• Connecting Speakers with Audiences™

event planning

Three tips for working with a sign language interpreter

Three tips for working with a sign language interpreter 2560 1707 I Need A Speaker

If there is any chance that some of your audience members require sign language interpretation, you should make arrangements to have an interpreter work with you.

Follow these guidelines to get the most benefit:

  1. Share your remarks with the interpreter before the speaking event, so he or she will be familiar with the terminology you’ll be using and will be less likely to make misinterpretations.
  2. Ask the interpreter to rehearse with you at least once to ensure that your presentation will run smoothly.
  3. Speak directly to your audience during the presentation, not to the interpreter. Both you and your interpreter should connect with the audience members using both eye contact and a coordinated message.

Know the importance of the debrief

Know the importance of the debrief 2560 1707 I Need A Speaker

We’ve become accustomed to requesting and giving feedback all the time. Order a meal in a restaurant, and one of the wait staff will ask if everything was to your satisfaction. Walk to a register, and a clerk will ask if you found everything you wanted. Purchase something online and … you know what’s next … you’re asked to review the purchase.

Many speakers miss one of the most important parts of their presentation – the debrief. I’m referring to that quick, 15- to 30-minute meeting with the folks who booked you, usually conducted a day or two after your presentation. The debrief is important for a number of reasons:

  1. You’ll have another chance to personally thank the event planner for hiring you, and you have another opportunity to build and maintain a positive relationship with him or her.
  2. You’ll receive important feedback on your presentation that you can use to make the next one even better.
  3. You’ll obtain more insight into what’s most important to the event planner. Use that information to promote your services for future events, highlighting the priority areas.
  4. You’ll learn if anyone has requested follow-up information about you or your topic, which can lead to additional networking and possible future bookings.
  5. You’ll have a conversation which may reveal other goals the event planner or company would like to achieve.

I recently heard about one speaker who used a debrief successfully to learn more about the client company’s vision and next steps. The speaker, who also had expertise that could be helpful in the client’s progress, was approached about returning to the company for another speech.

The speaker asked a series of well-phrased questions, which determined that only one more presentation wouldn’t be in the client’s best interest. Rather, the speaker suggested three shorter sessions with “homework” assigned in between planned speaking dates. Those three sessions led to much stronger results for the company, and the speaker was booked for additional work whenever possible.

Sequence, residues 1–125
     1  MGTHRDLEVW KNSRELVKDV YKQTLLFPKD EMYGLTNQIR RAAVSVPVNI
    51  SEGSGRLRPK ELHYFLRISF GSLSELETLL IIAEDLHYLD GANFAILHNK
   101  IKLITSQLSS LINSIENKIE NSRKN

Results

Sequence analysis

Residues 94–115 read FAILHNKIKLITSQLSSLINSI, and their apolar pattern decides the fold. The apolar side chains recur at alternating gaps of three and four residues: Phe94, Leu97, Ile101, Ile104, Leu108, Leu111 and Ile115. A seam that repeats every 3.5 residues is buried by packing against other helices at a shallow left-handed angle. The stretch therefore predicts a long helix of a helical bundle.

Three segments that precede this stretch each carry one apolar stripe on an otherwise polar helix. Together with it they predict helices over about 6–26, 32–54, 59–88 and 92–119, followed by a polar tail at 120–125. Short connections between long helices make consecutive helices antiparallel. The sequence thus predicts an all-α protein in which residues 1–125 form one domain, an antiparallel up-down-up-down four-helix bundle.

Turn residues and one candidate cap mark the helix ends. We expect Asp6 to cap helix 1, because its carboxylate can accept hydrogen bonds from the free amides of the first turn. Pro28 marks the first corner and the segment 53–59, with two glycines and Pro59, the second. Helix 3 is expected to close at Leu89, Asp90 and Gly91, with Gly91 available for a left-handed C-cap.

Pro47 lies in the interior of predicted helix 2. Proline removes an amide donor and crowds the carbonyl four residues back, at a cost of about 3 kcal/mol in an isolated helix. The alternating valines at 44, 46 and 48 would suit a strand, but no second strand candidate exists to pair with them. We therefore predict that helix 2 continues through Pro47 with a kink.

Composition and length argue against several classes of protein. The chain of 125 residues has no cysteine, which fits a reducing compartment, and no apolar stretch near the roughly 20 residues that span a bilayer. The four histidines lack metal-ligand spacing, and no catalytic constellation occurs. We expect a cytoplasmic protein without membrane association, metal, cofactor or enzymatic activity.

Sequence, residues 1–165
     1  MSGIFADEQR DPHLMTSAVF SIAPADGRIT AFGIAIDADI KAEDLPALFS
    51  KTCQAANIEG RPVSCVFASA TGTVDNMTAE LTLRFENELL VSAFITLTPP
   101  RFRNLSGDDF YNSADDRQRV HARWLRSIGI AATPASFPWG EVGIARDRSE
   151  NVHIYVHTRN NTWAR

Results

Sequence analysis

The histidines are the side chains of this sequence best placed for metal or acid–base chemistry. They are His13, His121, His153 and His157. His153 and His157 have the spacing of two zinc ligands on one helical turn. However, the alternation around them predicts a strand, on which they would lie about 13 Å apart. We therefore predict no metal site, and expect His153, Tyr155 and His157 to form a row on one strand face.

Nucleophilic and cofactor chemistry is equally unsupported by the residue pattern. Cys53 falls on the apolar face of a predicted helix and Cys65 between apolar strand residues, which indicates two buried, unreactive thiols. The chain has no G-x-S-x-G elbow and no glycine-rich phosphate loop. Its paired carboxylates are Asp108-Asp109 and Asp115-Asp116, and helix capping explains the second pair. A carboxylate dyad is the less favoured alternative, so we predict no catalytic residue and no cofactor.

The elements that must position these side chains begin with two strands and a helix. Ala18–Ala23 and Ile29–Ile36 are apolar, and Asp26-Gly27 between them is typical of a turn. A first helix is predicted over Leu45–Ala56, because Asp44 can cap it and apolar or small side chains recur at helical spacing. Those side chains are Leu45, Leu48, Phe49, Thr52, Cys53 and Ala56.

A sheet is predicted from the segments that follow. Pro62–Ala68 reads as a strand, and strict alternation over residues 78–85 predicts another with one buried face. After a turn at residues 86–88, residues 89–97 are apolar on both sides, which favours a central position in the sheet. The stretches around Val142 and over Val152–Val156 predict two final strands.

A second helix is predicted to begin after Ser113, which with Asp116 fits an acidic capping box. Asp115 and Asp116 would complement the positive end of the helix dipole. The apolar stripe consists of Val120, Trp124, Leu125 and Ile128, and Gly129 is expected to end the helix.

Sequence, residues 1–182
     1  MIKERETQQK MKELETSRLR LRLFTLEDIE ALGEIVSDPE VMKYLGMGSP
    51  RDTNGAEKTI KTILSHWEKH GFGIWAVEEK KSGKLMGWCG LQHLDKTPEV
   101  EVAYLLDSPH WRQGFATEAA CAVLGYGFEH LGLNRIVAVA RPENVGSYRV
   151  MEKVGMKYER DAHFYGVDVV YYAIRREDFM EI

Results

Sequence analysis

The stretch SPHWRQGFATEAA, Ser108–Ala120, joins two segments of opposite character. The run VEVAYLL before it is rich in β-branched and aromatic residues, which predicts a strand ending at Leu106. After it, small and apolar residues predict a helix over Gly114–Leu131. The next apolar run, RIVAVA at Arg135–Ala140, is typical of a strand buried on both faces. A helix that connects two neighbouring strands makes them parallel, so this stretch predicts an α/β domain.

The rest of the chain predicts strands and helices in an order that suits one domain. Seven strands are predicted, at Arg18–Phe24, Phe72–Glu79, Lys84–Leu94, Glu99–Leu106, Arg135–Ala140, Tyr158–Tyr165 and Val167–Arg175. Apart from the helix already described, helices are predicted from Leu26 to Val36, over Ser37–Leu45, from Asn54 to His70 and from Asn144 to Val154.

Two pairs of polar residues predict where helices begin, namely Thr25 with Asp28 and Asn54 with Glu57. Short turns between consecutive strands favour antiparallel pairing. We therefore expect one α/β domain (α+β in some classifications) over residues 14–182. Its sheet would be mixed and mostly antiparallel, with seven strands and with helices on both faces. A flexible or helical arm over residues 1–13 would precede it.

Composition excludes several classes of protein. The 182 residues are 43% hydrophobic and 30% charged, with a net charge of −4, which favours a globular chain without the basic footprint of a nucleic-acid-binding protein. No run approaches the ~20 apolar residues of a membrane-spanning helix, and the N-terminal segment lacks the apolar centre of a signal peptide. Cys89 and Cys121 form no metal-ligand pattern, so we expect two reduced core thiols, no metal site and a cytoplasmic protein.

A great presentation will please your client. A great presentation with a thoughtful debrief may delight you and your client.

Refreshments for your online meeting? It’s a (virtual) piece of cake!

Refreshments for your online meeting? It’s a (virtual) piece of cake! 2560 1708 I Need A Speaker

Serving food and beverages virtually is a trend that’s been welcomed in the online meeting/event/speaking world. Attendees love the surprise of receiving refreshments, as it helps to re-create some of the in-person meeting experience.

While you can’t network at a communal table, the availability of online gift cards, food delivery, and quick-ship retailers means you can “serve” everything from a plain cup of coffee to an entire meal.

If you’re sending electronic gift cards for coffee or tea, be sure to choose a national brand, so your attendees will find it convenient to use the gift card. If you’re sending coffee or tea to be made at home, your options are limitless. For something more substantial, conduct an online search for businesses that ship or deliver food. There’s something for every taste and budget, ranging from bagged snacks to sandwiches to full meals.

Now, all you’re missing is a lanyard with your name on it – but that can be arranged, too!

What speaker testimonials and product reviews have in common

What speaker testimonials and product reviews have in common 2560 1707 I Need A Speaker

I’m one of those people who shop for the holidays early, and packages have already been arriving on my front porch. While browsing, I’ve made it a habit to check product reviews before clicking on “add to cart” and completing my purchases.

Reviews tell us what people liked and what people would change about their product or service experience. Customer feedback, whether positive or negative, helps businesses adjust products, prices, policies, and practices to satisfy customers.

Speakers can also benefit from requesting testimonials from satisfied event organizers and audience members. Most attendees are happy to complete a quick online survey following a presentation.

To encourage future bookings, speakers can post testimonials on their website, social media accounts, informational materials, and other customer-facing materials. Event organizers will benefit from knowing about speakers’ past successes as they plan future ones.

Can I interest you in some related material?

Can I interest you in some related material? 1707 2560 I Need A Speaker

When you complete your I Need A Speaker profile, you’ll be asked to choose a fee range. We’ve included “negotiable” as a response, because many speakers may choose to offer a somewhat lower fee – or even charge no fee at all – if they are allowed to sell services and products after their presentation. In an ideal situation, you’ll receive your full speaking fee and be allowed to promote your goods and services.

If you are in a position to offer paid consulting services or hope to sell a book, for example, check with your event organizer about sales and solicitation policies for the event in question. If the event budget is lower than expected, you may be able to use sales as a negotiation point. Engaging your audience and selling your products or services will likely increase your popularity as an expert and position you for top rates in the future.

Clarify and fulfill your value proposition

Clarify and fulfill your value proposition 1707 2560 I Need A Speaker